Miami Dolphins’ home a ‘slam dunk’ for World Cup in 2026, says Joe Robbie’s son, Tim

Hard Rock Stadium is illuminated in colors saluting the tri-country bid involving the United States, Mexico and Canada. (Photo courtesy of the Miami Dolphins)

DAVIE — There’s no guarantee that South Florida became a World Cup destination Wednesday.

But it’s about as close as you can get.

FIFA, soccer’s world governing body, overwhelmingly voted to bring the World Cup back to the United States in 2026, choosing a joint bid with Mexico and Canada for the 2026 tournament. North America received 134 votes to Morocco’s 65.

The Dolphins’ home of Hard Rock Stadium figured prominently in the winning bid, and although Miami was bypassed when the World Cup came to the United States in 1994, South Florida’s soccer community is brimming with confidence it won’t be jilted again.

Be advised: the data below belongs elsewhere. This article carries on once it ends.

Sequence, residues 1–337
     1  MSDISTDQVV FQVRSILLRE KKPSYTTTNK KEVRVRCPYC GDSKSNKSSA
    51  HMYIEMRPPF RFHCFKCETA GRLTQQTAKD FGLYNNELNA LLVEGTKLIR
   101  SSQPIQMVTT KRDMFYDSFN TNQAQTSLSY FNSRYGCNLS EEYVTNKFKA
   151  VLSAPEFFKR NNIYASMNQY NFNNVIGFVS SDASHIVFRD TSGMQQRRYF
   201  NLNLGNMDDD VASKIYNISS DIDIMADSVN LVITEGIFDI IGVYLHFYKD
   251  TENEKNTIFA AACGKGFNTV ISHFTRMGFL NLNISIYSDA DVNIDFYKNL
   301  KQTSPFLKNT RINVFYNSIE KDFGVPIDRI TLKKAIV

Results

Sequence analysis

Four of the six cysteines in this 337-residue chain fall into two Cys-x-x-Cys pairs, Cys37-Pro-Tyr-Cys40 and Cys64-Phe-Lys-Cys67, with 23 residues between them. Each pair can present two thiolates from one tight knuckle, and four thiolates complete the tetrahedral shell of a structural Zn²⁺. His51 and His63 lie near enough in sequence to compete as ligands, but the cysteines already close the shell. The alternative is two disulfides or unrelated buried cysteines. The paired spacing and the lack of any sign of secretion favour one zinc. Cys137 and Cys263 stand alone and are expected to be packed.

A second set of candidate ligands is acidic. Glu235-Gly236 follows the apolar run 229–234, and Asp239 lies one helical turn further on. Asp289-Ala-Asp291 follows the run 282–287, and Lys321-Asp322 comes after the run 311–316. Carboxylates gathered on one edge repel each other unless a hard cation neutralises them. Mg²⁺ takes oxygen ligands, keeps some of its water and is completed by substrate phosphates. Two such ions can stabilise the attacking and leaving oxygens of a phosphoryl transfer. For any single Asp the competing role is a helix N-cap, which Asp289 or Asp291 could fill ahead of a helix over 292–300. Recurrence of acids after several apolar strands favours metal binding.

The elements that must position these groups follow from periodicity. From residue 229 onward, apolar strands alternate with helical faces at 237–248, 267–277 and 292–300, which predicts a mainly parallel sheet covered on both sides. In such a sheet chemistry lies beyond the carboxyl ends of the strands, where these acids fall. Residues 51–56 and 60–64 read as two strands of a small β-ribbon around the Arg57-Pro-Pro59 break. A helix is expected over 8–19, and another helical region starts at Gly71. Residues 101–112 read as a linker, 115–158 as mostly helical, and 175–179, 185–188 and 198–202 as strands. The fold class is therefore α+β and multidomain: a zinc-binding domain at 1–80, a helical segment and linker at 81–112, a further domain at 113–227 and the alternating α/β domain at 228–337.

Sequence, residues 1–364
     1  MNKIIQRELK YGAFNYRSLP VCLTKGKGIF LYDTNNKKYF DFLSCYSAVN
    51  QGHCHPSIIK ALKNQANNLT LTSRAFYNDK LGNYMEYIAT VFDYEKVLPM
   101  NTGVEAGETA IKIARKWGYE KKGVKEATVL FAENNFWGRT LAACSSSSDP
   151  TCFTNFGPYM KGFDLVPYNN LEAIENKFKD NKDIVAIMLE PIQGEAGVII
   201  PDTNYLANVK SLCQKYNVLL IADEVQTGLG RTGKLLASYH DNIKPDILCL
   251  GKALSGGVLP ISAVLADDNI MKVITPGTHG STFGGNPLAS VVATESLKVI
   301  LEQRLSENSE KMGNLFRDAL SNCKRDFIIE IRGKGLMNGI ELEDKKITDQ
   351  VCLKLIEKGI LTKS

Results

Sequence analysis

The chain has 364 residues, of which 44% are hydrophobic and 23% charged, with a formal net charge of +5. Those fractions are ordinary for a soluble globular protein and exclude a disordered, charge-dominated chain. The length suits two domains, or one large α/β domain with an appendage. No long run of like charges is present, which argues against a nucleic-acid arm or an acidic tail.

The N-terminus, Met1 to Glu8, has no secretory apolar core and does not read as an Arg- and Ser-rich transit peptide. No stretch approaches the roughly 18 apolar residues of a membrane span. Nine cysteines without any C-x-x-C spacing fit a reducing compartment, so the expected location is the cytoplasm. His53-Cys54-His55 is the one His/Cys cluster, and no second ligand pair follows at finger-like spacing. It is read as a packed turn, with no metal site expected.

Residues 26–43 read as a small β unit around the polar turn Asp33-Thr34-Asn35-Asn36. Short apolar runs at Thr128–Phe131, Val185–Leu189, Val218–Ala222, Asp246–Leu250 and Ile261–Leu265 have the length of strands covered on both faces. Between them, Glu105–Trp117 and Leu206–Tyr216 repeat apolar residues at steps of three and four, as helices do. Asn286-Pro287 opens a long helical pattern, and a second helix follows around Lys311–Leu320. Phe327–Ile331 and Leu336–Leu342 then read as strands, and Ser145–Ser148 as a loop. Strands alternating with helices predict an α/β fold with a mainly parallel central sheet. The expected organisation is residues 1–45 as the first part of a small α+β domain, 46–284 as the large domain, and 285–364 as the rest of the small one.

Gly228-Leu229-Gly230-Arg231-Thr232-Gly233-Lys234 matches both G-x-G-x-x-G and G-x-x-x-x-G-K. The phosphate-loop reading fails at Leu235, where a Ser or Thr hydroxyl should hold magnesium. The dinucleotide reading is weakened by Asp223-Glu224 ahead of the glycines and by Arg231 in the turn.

“I think it’s a slam dunk,” said Tim Robbie, former general manager of the Fort Lauderdale Strikers whose father, Dolphins founder Joe Robbie, built the stadium with World Cup matches as a dream. “The only impediment the last time, in ’94, was the Marlins. That prevented us from getting games because of baseball. Now that there’s no conflict, I think it’s a lock that we’ll have games in South Florida.”

The “United 2026 bid,” as it was called, involves 23 hopeful stadiums in 23 cities in North America, but 60 of the 80 matches — including everything from the quarterfinals on — will be in the United States. FIFA expects to select 16 sites in 2020 or 2021. 

The highest-level match Hard Rock Stadium is seeking is a quarterfinal or third-place match. Areas that bid for the final all have considerably larger venues than Hard Rock’s capacity of 67,518 for World Cup matches.